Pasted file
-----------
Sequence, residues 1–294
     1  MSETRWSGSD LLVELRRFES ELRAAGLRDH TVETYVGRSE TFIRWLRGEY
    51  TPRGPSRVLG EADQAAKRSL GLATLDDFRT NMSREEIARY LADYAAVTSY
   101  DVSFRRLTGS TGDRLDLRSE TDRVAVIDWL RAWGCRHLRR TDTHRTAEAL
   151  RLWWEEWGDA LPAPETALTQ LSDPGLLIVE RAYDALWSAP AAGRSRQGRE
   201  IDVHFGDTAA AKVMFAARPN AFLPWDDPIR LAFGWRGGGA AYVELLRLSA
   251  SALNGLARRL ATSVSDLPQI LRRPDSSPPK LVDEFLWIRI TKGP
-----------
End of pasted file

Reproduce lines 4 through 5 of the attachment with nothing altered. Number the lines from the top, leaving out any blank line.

   101  DVSFRRLTGS TGDRLDLRSE TDRVAVIDWL RAWGCRHLRR TDTHRTAEAL
   151  RLWWEEWGDA LPAPETALTQ LSDPGLLIVE RAYDALWSAP AAGRSRQGRE